Yes, but those citations would not be digitally archived any more than any other website, so the point would be moot. Google's servers are more impressive by an order of magnitude, but the fact that an outage happened again after it was "fixed" makes me think that there's no long-term reason that we can rely on it being fixed. --Μετάknowledgediscuss/deeds 05:01, 28 August 2012 (UTC)
MK, would it more acceptable to you if a disclaimer template were required? --BB12 (talk) 05:13, 28 August 2012 (UTC)
It's not that. I trust their citations. It's just that I don't trust their servers. --Μετάknowledgediscuss/deeds 05:15, 28 August 2012 (UTC)

Vote posting[edit]

This proposal still hasn't been posted on the voting page as MK suggested at the top of this discussion page. I don't know if that means another seven days should be added or not, but it does need to be posted! --BB12 (talk) 00:48, 1 September 2012 (UTC)

No, it has been posted. Take a look. --Μετάknowledgediscuss/deeds 01:00, 1 September 2012 (UTC)
Good grief! I'd looked at that page two or three times over the past week. Thank you for the correction! --BB12 (talk) 01:41, 1 September 2012 (UTC)


I am probably going to oppose. I do admit that the "in permanently recorded media" criterion of current CFI serves as a proxy criterion for a different criterion: that the citation is from a material that has been subject to copyediting. While the custom has it that Usenet quotations have the same weight as quotations from materials with ISBN or ISSN, that should not IMHO be the case. That opens the question of whether I am taking a prescriptivist stance. I do not know. I am not sure I want to include diacritic-free Czech spellings ("kocka" instead of "kočka"), which are plentifully available on the world wide web, but not in printed books. I do not know what other consequences the proposed regulation would have. We might give it a try, but if so, I would like the factor to be 10 world wild web quotations to 1 ISBN or ISSN quotation. Even that factor could be low. --Dan Polansky (talk) 13:59, 1 September 2012 (UTC)

Ditto. —RuakhTALK 14:07, 1 September 2012 (UTC)
I think that at that point, it's a language's editors' decision. If you don't want an entry for "kocka" to exist (and I don't think it should), then you say so at WT:ACS, and whenever one of those appears, it'll get deleted. --Μετάknowledgediscuss/deeds 16:23, 1 September 2012 (UTC)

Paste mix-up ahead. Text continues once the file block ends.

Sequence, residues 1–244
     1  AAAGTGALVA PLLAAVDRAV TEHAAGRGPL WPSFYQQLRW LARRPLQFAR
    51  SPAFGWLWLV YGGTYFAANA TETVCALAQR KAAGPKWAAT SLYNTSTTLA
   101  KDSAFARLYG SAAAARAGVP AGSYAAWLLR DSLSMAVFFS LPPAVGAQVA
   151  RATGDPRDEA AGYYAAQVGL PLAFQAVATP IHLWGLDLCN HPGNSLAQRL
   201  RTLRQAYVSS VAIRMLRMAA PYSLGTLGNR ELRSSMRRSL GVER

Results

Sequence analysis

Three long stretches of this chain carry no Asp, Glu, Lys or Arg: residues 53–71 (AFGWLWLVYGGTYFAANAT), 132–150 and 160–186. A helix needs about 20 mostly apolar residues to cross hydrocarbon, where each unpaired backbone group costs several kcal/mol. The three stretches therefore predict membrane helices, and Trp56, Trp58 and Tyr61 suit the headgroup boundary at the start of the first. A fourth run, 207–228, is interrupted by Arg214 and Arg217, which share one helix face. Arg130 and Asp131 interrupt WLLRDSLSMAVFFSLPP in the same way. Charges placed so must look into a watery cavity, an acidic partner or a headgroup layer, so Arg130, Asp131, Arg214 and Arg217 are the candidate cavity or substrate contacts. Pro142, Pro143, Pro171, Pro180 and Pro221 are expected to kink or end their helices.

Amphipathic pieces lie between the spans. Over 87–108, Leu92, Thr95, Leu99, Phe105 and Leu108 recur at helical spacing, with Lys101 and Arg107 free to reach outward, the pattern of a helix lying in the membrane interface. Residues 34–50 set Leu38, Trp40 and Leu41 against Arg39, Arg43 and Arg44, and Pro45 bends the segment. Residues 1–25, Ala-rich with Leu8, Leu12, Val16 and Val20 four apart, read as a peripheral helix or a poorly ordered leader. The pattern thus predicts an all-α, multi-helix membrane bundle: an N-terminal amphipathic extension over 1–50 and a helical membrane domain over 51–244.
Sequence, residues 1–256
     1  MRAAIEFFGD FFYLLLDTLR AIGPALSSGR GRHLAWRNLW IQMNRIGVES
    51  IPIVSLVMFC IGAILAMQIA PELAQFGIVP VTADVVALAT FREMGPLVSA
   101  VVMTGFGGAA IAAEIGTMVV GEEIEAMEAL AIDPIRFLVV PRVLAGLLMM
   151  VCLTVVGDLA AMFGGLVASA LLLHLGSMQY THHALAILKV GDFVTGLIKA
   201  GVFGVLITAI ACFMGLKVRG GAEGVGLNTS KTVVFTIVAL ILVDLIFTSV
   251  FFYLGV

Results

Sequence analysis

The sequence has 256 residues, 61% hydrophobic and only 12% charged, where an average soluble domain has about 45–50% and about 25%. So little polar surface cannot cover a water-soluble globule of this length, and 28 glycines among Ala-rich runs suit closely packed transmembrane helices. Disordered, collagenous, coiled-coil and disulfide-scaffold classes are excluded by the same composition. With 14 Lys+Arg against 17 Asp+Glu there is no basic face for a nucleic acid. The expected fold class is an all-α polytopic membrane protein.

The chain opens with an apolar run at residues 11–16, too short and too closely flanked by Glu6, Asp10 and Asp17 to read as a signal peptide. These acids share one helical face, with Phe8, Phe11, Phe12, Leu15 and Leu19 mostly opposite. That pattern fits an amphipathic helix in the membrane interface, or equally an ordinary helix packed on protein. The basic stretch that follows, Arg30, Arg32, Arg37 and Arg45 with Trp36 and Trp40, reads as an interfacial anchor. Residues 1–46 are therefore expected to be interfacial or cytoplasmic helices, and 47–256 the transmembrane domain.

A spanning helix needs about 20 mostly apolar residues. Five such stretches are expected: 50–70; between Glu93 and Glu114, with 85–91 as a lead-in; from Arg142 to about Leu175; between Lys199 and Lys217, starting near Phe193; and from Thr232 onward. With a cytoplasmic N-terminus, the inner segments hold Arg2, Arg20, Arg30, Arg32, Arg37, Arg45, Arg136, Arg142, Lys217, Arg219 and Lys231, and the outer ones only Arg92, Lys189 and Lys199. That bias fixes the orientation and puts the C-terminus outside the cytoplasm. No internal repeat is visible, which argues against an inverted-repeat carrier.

I raised this very point in the original bp discussion ("I can't help feeling that the durability issue is not really at the heart of the objection and what really is at issue here is that we want to exclude random, poor quality webpages from the CFI requirements"). I was assured at the time that that was not the case and only durability was an issue, so I am quite pissed that after spending significant time on this proposal it is now being shot down for that very reason. Do you really support the situation where illiterate garbage on usenet has a higher credibility than an informative specialist website carefully maintained by qualified individuals? - railwaysurgery.org for instance. Wiktionary has already let in the worst crap on the internet by allowing usenet without qualification. What is really needed here is a quality criterion in CFI. Trying to control the situation by shutting the door on every source that might contain some bad stuff will, if taken to its inevitable conclusion, leave Wiktionary with no citable sources at all. SpinningSpark 18:03, 1 September 2012 (UTC)
I might oppose based among other things on talk:Spinningspark's comment "Wiktionary already allows arbitrary shit". I find that a bit like saying murder already exists in society, so a few more murders won't hurt. Mglovesfun (talk) 18:12, 1 September 2012 (UTC)